“There were amazing kids there. There was one girl in grade nine that had written a book. It was incredible,” says Zardasht reflecting on his first I-STAR experience. “Being the competitor that I am, I vowed to come back and win one of the higher level awards, not judged on improvement but out outright achievement.”
Zardasht attended Western Technical Commercial School from grades nine to twelve. In addition to finding academic success and maintaining excellent grades, he excelled in athletics. He joined the wrestling team and there he met one his most influential mentors, Coach Mitch Chuvalo, son of Canadian Hall of Fame boxer George Chuvalo. Under his guidance and training, he began to perform at the highest levels. He racked up 16 gold medals for his school, culminating in an individual provincial championship.
“Coach Chuvalo remains one of my dearest mentors and friends, and I owe him much of my success and development as an athlete and person” says Zardasht.
Zardasht returned to the I-STAR awards the following year, and won not one but two premier I-STAR awards.
Like in wrestling, one needs to be agile and respond to changes that sometimes hit you when you least expect them to, and in unexpected ways. Declining the pursuit of a wrestling scholarship to USA, Zardasht decided on attending one of Canada’s premier sports universities, Brock University, where he continued to pursue wrestling and sought a degree in business. Soon, however, he would be at a crossroad of change once again, hit with injury and changing context at home. Reassessing the situation, he moved back closer to home to support his family and attended York University, pursuing a degree in Kinesiology and Health Sciences. It was a decision needing to be made, as his father had undergone coronary bypass surgery and was unwell, and his mom had become the sole breadwinner in a modest blue-collar job.
The next phases of Zardasht’s education career followed a similar path in many senses. Remaining agile and positive, showing no quit, and achieving at an exceptional level. Realigning to pursue medicine at the Saba University School of Medicine, he subsequently completed his internal medicine residency at the well-respected program at Queen’s University. There he was the recipient of the prestigious PARO Resident Teaching Award 2014, which was the culmination of his excellent work with teaching junior residents and clinical clerks, and was also awarded the Michael Nault Award for Cardiology Teaching in 2015. He was similarly productive and recognized as a researcher. He was the recipient of the 2014 Queen’s University Resident Research Day Award and was Runner-up for the 2015 Award.
Zardasht, now a second year cardiology fellow at the Libin Cardiovascular Institute of Alberta has already engaged himself in research and was recognized on the national stage for best trainee presentation at the Canadian Stroke Prevention Intervention Network’s Clinical Trials Workshop in Toronto early in 2016. However, despite his successes thus far, he knows it is not over. One of the first questions he grapples with is, once you are done, what fellowship are you going to pursue?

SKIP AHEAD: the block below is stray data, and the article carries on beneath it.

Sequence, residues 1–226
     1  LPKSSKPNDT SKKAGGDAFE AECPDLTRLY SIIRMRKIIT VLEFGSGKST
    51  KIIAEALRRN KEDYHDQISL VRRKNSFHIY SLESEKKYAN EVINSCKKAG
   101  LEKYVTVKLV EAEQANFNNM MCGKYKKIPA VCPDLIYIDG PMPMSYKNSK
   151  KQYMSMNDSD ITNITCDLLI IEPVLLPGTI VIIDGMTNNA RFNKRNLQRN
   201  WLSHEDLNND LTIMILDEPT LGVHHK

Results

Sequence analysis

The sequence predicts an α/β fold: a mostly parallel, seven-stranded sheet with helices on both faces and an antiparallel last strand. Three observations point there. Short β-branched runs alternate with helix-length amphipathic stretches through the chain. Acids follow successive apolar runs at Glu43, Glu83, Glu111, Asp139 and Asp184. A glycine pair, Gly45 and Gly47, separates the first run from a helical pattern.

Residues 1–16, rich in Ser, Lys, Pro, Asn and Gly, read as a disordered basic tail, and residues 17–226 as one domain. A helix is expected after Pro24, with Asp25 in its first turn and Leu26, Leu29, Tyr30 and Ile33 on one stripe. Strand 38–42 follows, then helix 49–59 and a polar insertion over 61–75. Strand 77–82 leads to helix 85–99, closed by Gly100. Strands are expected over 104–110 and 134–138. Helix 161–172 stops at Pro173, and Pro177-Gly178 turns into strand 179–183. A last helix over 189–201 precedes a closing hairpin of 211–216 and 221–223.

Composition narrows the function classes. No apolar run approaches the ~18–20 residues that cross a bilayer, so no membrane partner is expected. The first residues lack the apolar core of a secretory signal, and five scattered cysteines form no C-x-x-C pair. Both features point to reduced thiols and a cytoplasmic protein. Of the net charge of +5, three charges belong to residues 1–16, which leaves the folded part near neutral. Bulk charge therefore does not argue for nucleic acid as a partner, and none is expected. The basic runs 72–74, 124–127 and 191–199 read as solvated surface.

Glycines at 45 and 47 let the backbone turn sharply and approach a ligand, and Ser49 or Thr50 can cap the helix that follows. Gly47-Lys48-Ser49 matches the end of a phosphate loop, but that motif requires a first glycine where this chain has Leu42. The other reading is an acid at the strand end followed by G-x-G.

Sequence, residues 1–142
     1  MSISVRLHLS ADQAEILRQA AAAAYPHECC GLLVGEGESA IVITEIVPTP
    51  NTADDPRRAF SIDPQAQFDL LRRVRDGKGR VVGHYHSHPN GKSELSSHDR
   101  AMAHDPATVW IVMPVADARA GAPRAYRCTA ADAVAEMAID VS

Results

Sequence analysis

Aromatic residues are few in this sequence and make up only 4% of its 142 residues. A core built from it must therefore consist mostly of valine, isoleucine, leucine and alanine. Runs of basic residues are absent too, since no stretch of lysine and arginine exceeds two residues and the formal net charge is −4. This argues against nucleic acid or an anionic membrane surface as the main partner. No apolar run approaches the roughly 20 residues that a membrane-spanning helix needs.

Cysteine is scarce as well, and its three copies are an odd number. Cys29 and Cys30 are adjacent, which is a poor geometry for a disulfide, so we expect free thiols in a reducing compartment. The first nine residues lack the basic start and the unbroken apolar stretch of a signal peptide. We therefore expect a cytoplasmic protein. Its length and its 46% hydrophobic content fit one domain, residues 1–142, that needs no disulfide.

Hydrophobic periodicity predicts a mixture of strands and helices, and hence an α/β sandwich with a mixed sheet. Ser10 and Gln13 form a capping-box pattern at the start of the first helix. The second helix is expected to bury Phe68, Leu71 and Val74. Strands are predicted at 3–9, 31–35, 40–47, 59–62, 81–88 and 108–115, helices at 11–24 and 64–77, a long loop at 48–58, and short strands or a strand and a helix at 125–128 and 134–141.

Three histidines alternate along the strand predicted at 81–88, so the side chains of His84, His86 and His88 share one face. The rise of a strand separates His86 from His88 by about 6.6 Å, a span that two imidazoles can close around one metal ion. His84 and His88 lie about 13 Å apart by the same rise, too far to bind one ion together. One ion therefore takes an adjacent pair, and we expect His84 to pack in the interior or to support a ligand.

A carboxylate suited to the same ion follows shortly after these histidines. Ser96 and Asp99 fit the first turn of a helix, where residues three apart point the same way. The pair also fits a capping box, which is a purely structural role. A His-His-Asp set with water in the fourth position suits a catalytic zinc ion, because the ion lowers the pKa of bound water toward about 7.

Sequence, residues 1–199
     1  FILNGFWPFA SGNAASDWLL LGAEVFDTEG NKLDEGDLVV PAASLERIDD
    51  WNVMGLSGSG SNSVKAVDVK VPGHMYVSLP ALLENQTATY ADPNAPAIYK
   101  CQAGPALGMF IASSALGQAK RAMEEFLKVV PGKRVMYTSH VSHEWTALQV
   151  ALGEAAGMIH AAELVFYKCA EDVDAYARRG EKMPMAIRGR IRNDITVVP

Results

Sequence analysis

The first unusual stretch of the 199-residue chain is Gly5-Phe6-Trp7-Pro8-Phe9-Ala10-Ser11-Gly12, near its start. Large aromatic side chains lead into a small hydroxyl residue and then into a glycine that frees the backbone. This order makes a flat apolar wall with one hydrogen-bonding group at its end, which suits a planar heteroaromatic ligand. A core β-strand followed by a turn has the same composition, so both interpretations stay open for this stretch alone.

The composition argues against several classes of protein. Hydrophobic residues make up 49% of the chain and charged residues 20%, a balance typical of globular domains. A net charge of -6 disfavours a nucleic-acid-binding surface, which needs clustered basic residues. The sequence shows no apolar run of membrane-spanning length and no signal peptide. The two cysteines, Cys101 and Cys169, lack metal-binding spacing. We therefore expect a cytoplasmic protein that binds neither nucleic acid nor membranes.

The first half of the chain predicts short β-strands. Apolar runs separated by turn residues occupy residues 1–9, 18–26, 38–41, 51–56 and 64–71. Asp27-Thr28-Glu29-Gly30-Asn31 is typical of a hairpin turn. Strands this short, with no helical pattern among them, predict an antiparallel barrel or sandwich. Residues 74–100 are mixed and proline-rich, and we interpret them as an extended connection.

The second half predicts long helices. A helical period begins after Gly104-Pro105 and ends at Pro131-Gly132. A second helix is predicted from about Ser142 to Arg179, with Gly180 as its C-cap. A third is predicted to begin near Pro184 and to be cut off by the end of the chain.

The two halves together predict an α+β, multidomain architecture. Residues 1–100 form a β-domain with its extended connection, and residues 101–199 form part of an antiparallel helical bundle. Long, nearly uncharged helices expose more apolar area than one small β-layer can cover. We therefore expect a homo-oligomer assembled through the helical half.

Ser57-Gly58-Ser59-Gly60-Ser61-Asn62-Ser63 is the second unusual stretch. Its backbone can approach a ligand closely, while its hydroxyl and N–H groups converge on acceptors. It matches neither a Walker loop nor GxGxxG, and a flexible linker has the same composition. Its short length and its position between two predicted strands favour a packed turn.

“Life is always a process,” philosophizes Zardasht. “We should never get down on ourselves for situations we didn’t create. Instead, we should look forward and do the absolute best with what we have. For me and my family, all in all, we’ve had it alright. I look to my mentors here, people like Dr. Katherine Kavanagh (Director of Calgary’s core cardiology training program and Associate Professor of Cardiac Sciences) and Dr. Robert Sheldon (Professor of Cardiac Sciences) and see a possible future as an academic cardiologist perhaps with a focus in electrophysiology. Taking care of people who have complex acute situations needs someone that can manage stress. I’ve got some experience in that.”
Upon completion of his training, Zardasht’s goal is to contribute back to the community by using his passion for preventative medicine to spread awareness of cardiovascular disease.
“Cardiovascular disease is one of those diseases that with the right lifestyle modifications, we can significantly reduce the burden of morbidity and mortality,” Zardasht says.
“My ten-year goal is to make impact beyond Canada. To find way back to Afghanistan to not only provide healthcare but also help train Afghan doctors of the future. The Libin Institute is a great place to learn the essential skills needed to make this goal a reality as there are a number of cardiologists who are already doing this work in other countries.”
If there is one thing we have learned from his journey from Afghanistan to now Calgary, is that no matter the goal, Dr. Zardasht Oqab has the passion and work ethic to achieve it. This is just the beginning of a promising career.
About the author:
Al-Karim Walli is Associate Director of the Libin Cardiovascular Institute of Alberta, an entity of the University of Calgary and Alberta Health Services’ Calgary Zone conducting or coordinating all cardiovascular sciences research, education and care delivery across both of these organizations. From 1998 to 2005 he was a volunteer on the Aga Khan Education Board for Canada, where his focus in large part was the settlement portfolio including for a period the oversight and delivery of the national mini-schools program.